Why Do We Love Don Draper?

I am selling Amway products with Don Draper. On the road. National accounts. Just me, Don, a convertible and a carton of Lucky Strikes. My chest feels larger than ever.

It‘s a a dream, obviously. But so vivid.

Don and I were deep in discussion about phosphates and environmental damage. Our flirting was fueled by innuendo and the double entendre of Amway which seemed apparent at the time but totally escapes me now. Mother of god, if I’d died then and there, with Don by my side, I think I would have been okay about it.

Let me be clear. I was not dreaming about dishy Jon Hamm, bearded actor. I was dreaming about Don Draper, fictional character.

To explain…

I’ve been bingeing on past seasons of Mad Men. I went all the way back to the very first episode and I’ve been working my way from start to finish — from Betty to Megan — trying to guess how the whole thing will end. It has been Greek drama all along, I’m convinced. There are clues strewn about: in the ashtrays, in the dirty drinking glasses, in the run nylons and the panty girdles. The detritus of nostalgia.

My dream makes me wonder. Why do we love Don Draper?

We shouldn’t. We know that. We women mos def know that. And yet we fall.

Don lies about everything to everyone. He’s no do-gooder; the man works in advertising, for god’s sake. He has no morality. He cheats. His breath has got to be revolting — all those cigarettes, all that booze. He’s out of touch even by the standards of 1969. He mostly treats women like ass. There is a serious Brylcreem thing going on. And his real name is Dick.

Why do we desire him, given all of that?

Because he has secrets. Deep deep deep secrets. Dark ones. Despite his veneer (or perhaps because of it) Don proffers pathos too tempting to resist.

I’ll speak for myself here. I love pathos. It offers so much more possibility than well-adjusted, steady, reliable. It’s a torturous route to something elemental. To the cause of the damage.

Don Draper is what we can never have. And he’s there to remind us of it all. The parental love we missed. The dog hit by the speeding car. The boyfriend who failed to show up on prom night. Or showed up, but with another date in tow.

He’s the compromises and the failures and the shitty things we’ve done to others from time to time. And, of course, to ourselves. Mostly to ourselves. He’s not a psychopath. He’s not the Talented Mr. Ripley. No, Don is way closer to home.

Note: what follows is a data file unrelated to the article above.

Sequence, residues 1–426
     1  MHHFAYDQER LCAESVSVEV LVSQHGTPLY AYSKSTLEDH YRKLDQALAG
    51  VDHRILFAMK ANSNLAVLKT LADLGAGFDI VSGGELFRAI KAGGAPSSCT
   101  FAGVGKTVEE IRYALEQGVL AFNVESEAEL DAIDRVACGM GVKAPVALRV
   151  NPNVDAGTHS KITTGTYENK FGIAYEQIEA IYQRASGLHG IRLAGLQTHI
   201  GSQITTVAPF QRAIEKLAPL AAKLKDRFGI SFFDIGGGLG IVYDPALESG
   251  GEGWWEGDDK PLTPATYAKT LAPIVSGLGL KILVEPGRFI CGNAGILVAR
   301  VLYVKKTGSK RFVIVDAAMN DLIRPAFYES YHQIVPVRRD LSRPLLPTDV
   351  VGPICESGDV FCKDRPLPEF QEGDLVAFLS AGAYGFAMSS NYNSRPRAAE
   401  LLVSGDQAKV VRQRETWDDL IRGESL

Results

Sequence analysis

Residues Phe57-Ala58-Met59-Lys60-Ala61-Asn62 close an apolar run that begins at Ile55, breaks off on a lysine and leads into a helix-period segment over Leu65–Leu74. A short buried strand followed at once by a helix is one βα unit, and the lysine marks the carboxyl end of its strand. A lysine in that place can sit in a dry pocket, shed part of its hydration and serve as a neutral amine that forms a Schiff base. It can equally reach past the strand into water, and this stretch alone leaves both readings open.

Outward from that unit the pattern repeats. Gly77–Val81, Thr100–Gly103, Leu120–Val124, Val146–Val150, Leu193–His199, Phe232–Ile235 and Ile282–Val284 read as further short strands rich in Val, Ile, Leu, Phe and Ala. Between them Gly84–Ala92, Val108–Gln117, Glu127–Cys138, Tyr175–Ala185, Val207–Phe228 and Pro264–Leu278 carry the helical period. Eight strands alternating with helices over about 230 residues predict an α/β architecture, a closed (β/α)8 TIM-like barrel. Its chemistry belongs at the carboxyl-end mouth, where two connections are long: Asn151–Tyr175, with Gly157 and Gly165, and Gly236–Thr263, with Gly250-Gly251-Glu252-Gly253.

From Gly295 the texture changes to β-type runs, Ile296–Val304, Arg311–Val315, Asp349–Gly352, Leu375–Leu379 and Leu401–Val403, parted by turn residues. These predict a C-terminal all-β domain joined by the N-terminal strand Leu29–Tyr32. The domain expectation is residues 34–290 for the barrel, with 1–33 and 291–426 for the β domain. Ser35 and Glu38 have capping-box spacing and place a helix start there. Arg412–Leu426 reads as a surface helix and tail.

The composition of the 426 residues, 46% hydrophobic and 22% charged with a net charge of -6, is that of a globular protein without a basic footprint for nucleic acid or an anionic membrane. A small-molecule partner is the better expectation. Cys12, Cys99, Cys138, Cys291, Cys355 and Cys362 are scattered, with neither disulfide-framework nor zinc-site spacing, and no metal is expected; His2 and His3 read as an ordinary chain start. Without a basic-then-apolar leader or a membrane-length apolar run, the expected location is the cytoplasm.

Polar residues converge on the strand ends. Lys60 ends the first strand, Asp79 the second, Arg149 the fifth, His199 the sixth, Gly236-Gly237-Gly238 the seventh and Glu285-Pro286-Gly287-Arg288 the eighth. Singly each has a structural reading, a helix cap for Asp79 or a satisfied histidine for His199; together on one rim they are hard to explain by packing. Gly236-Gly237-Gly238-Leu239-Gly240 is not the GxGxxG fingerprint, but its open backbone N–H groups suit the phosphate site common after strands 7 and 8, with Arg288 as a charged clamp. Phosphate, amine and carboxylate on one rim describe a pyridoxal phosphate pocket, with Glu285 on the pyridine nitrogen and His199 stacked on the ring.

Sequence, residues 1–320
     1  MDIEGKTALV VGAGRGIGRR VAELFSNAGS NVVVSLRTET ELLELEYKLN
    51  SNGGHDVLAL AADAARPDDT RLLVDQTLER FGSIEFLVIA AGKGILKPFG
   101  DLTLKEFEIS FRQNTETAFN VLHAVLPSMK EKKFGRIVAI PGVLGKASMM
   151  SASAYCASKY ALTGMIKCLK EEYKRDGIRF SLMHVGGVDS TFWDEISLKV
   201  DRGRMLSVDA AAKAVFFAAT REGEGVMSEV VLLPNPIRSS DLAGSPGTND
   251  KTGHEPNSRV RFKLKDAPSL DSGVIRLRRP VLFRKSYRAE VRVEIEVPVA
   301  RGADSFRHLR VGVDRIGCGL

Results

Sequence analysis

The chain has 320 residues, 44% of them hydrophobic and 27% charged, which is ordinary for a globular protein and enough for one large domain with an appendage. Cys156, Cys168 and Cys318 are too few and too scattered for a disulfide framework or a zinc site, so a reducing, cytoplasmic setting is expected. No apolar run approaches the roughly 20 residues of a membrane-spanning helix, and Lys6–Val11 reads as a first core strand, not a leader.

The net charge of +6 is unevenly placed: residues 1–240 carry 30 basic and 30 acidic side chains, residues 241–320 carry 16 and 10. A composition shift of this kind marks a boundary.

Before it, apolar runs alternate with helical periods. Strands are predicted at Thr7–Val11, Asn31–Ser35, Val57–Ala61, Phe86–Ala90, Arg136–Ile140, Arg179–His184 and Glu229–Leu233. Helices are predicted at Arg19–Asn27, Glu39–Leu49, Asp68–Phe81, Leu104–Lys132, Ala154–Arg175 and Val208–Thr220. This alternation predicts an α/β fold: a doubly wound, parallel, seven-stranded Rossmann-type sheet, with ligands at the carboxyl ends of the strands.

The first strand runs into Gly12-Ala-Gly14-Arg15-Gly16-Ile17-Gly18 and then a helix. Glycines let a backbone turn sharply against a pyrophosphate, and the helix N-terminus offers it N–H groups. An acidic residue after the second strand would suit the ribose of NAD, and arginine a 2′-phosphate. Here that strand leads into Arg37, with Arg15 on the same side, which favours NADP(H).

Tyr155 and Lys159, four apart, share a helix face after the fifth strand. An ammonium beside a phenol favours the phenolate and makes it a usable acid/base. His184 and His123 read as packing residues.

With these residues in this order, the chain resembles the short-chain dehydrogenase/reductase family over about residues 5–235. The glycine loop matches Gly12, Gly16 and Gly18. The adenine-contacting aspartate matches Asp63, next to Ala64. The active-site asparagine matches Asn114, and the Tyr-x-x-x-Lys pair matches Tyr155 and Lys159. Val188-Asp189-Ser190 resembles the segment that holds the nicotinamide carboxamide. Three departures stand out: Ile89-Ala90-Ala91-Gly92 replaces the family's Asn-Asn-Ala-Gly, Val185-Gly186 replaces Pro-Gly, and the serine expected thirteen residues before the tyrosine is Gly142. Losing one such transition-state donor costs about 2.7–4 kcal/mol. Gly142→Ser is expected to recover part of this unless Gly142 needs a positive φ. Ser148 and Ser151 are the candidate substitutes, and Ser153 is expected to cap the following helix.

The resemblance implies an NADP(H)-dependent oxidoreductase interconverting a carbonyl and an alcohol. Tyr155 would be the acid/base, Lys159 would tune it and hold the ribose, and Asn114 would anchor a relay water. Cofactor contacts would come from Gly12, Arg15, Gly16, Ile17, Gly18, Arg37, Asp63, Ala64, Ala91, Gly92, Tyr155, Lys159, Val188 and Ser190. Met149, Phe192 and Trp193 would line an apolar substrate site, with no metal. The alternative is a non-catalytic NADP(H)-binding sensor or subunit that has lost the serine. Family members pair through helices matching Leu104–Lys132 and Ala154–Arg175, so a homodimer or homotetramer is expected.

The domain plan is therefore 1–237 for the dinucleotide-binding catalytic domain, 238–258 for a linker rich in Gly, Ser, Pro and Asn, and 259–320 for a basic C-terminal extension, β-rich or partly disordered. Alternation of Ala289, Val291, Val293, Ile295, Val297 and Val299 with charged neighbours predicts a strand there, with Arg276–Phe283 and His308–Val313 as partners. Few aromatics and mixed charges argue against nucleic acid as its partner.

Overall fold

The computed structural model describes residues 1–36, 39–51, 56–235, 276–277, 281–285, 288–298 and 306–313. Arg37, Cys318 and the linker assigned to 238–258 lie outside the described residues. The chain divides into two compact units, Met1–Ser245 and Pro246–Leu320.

Don Draper is whatever and whoever it is that dwells in the saddest nostalgia, that pains us to remember.

I watch Mad Men not only because I love the clothes and the writing and the plot. I watch Mad Men because of where Don Draper makes me feel it might be possible to go. That, maybe, just maybe, he might see me and choose me and love me — and together, we might cure each other of the damage within. Show it the light of day and usher it, once and for all, out the door.

Don lives by the credo that things are inevitable. That we are almost always doomed to repeat the same mistakes. That we we are drawn, moths to flame, to new beginnings, yet those beginnings turn out to be little more than disguised but well-worn paths. Our very own self-defeating behaviors over time. Our mistakes, comin’ around again. Like Don.

In four weeks’ time, Don Draper will be no more. I don’t know if he lives or dies, commits suicide or gets shot, or even if he lures his ex-wife away from her husband and picks up right where he and they started. In the house in Ossining.

It doesn’t matter, to be honest. Reality is we’ll never really know what happens to Don. He’ll take his secrets with him. And we’ll bury our own a little deeper.

Don Draper will remain the perfect fantasy. That road sign luring us onward… to the place we’ve longed for forever and ever. The place we seek but never find.

That’s why we love Don Draper. Because he is our nostalgia.

If you like what you just read, please hit the green ‘Recommend’ button below so that others might stumble upon this essay. For more essays like this, scroll down and follow Human Parts.

Human Parts on Facebook and Twitter